All publicity is…good? – Gerry Harvey is that Uncle you wanted when you were ten. The one who’d fly in from carving out a gold mine in New Guinea on Christmas Day, give you a shot gun wrapped with a greasy red ribbon and say ‘Hey Junior, want to try it on those pigeons? He opens the window, shoves in two shells, grabs you by the neck, thrusts the stock against your shoulder. You close one eye, take aim, start to squeeze the trigger and your mother faints and hits the floor. Fantastic.
True aussie bloke. Rugged leathery skin, ocker accent. Wide-open personality and absolutely no concern about consequences. Genius in his boldness. But also dangerous; a bus going downhill without a driver, smashing into anything that gets in it’s way. Could never get a job in corporate Australia, but employs thousands. Just goes to show you how out of touch the corporate world is with the realities of smelly, people-oriented retail.
He literally makes the news worth watching. He’s guaranteed to say something wrong/ controversial/funny if they just leave the camera running.
But his recent exercise promoting the implementation of a tax on off-shore, on-line purchases, generated a whole lot more publicity than the rag mags’ latest expose. Tenth most tweeted person on the globe. And almost all of them negative. Angry about him wanting to push another tax on us.
I can understand why he’s frustrated that off-shore purchases don’t get GST lumped on them. It must give retailers the shits that they have to compete on the world stage against nasty companies who have cool websites that pull money out of our pockets quicker than one of Gerry’s bogan recliners can get your feet higher than your bulging stomach.
I can understand why they think it’s not a level playing field – they have to pay tax, you have to pay tax. Why should overseas items be instantly 10% cheaper?
And here’s the rub. We don’t care. Australians have been ripped off for years by big retail. We know products are way cheaper overseas. We go on holidays. We shop on line. We talk. We know retailers just flip off to China and get stuff. Why shouldn’t we get that stuff from an American or Japanese company that is prepared to make only a 30% margin, than an Australian retailer who wants 100% or more on the same product?
And most of us are grimly aware this is just a tiny part of the bad behavior of big retail. Big retail have made no friends for years, screwing everyone from telco to product supplier – no favoritism – everyone is treated as the enemy by big retail. How many of you readers have been into their head offices, with your new marketing plans, having worked for months, only to have all your hard work spat back in your faces? “I can see you’ve put in some work Bob, but we’re rejigging the category, so you’ll have to wait until we announce that. Oh, and I think you’ll find there’s actually three U’s in Fuck You.”
Or Coles and Woolies beggaring small food /FMCG manufacturers by their Private Label junk pushing smaller brands off the shelves. So Mum’s Special Pudding (or whatever) doesn’t taste the same cause the main flavor ingredient went out of business.
We the people, having been at the nasty end of this rich brat behavior, have zero sympathy for big retail.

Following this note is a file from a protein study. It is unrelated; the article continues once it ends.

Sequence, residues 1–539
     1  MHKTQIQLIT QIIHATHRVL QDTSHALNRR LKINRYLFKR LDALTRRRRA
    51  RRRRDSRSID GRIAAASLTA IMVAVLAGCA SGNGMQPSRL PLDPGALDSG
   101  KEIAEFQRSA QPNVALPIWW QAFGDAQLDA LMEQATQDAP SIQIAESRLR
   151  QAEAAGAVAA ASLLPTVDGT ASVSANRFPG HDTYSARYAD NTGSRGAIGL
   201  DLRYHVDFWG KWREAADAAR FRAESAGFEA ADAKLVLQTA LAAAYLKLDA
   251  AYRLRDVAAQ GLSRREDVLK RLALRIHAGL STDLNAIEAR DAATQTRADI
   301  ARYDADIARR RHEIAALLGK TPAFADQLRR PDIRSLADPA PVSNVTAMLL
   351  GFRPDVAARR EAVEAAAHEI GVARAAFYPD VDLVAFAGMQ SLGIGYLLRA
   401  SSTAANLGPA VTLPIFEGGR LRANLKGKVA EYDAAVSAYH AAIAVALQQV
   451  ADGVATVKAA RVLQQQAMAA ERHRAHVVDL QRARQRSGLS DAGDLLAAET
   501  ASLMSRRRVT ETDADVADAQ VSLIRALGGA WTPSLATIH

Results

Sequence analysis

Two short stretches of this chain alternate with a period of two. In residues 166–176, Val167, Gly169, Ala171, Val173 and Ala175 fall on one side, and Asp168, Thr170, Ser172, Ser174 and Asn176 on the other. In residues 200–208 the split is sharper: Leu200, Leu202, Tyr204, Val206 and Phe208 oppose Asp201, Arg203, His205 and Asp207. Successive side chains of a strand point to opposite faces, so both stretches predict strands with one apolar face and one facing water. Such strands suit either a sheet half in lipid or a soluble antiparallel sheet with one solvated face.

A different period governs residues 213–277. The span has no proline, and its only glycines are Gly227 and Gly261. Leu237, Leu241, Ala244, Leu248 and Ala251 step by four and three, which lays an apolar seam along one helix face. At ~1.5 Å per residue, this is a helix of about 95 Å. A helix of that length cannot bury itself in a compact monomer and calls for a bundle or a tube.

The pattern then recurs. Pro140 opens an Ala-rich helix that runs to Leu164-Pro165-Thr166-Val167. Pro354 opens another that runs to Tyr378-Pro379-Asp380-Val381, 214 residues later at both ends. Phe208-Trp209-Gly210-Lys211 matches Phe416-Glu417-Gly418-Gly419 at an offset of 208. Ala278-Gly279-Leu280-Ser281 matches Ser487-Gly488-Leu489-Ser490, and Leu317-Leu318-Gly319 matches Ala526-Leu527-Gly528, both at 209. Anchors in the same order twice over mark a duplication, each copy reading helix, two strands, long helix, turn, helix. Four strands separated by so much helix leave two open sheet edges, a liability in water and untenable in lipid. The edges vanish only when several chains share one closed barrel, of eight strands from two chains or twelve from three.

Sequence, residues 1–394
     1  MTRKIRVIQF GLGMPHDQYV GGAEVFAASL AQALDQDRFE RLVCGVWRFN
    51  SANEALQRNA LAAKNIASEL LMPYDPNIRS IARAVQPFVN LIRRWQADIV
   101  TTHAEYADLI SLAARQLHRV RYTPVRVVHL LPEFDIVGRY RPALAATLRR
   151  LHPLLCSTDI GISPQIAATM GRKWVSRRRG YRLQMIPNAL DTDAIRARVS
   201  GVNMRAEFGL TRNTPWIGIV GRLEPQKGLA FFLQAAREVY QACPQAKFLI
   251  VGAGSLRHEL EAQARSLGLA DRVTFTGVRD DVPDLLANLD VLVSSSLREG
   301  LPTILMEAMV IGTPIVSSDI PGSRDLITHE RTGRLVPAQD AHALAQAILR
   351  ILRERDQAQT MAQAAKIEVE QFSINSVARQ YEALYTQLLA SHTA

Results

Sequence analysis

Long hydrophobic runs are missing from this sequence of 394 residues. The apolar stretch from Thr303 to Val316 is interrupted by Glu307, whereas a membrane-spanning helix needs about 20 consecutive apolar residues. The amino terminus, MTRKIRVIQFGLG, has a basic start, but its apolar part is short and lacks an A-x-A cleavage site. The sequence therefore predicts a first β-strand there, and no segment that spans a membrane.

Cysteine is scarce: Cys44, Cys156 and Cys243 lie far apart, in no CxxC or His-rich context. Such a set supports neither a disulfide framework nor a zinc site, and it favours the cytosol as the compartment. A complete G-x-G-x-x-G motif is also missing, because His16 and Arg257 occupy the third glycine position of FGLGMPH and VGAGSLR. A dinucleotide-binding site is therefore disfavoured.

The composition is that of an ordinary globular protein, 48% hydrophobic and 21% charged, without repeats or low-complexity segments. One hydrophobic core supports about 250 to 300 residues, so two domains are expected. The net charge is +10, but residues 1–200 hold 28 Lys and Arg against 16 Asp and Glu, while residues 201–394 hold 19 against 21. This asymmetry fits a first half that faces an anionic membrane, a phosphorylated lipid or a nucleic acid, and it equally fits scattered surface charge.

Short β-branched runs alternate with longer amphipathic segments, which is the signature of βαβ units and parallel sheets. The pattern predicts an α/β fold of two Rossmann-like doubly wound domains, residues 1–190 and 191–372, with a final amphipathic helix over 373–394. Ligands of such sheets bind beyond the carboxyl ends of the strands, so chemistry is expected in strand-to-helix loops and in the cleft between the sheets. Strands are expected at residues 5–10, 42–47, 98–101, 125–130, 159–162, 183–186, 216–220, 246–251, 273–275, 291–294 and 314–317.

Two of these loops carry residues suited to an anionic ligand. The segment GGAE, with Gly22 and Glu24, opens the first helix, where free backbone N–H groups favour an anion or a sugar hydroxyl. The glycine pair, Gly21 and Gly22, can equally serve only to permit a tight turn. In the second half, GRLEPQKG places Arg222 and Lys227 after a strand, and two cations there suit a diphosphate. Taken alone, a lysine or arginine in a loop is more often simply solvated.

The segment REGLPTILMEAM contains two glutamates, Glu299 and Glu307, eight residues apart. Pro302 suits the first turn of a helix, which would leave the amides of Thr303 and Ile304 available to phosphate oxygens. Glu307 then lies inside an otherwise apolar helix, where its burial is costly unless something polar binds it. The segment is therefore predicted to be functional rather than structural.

Gerry has learnt a very simple lesson. That the people are not stupid and that if a billionaire cries out about losing some money, we the poor are not going along with it. We’re not going to say ‘Oh, you’re right Gerry, we should pay more tax and higher prices’. So he’s publicly backed down.
January 2010 Gerry Harvey beats a retreat by Mathew Murphy. Mr Harvey goes on to say “because of my profile, I then get all these threats and people home in on me … billionaires, greedy, ugly, old, out-of-date, c—s, and the people writing this seem to think we have been ripping them off for years and that we deserve this”.
And this gets me around to the subject of this article – publicity. Is all publicity good publicity? I used to go along with Oscar Wilde “The only thing worse than people talking about you is people not talking about you”.
But technology has caught up. Technology gave birth to social media. Social media may kill or fertilize at the whim of the public. Where an issue blows up – we talk & get excited, business, especially retail, either blossoms or fades. Millions of us giving our opinion with massive credibility – true word of mouth at its finest. The consumer, the people, us, now get our opinions heard, thank God, or higher – Bill Gates?
It’s about you – your career
Lets put our motivations on the table; publicity is personal. A perfect life and more profit and power are produced by perceived prowess and professionalism, which are polished and promoted by publicity. That’s the 12 P’s of publicity.
Publicity is usually fabulous for R.O.I.. You can do it without any real budget, so it’s the first cab off the rank when you start anything. But you’ll need to advertise one way or another, to continue to get sales – to remind the public of why you exist and why they need you now.
And it works for sales, often despite the story
David Jones had a little PR problem during the year. Something about a court case? The CEO Mark McInnes had to fall on his sword, and it generated very negative publicity for the company and the brand. But would you be surprised to know that David Jones has posted 7.3% increase in sales for the 4th Quarter of 2010, as compared to the same time in 2009?
Damages the big guys more
There’s been a wave of catastrophe engulfing high-profile corporations over the last year – Toyota endured recalls, as did GM. BP now confronts the future with a new identity: progenitor of the worst oil spill in American history. So it can be tricky for big business. Big companies often don’t understand the critical nature of publicity. They have awareness and a brand personality by default. Even if it’s not one they want, and they employ people like me to tweak their brand’s positioning, they are still already way past the problem little guys always suffer from; obscurity.
Small Businesses need publicity most
If no-one has heard of you, they can’t put you on their shopping list. Brand positioning, CRM, media efficiency, the whole she-bang of marketing management is totally irrelevant if you have no awareness.
Awareness is the name of the game
Most companies, most people in Australia, are invisible to the rest of us. This has been the case since we stopped living in a village where we knew each other because we shared the same water well. There are now too many humans on this planet for us to know/remember more than a few thousand at a time. But for many marketers, but particularly Gen Y, it’s frankly, fame or death.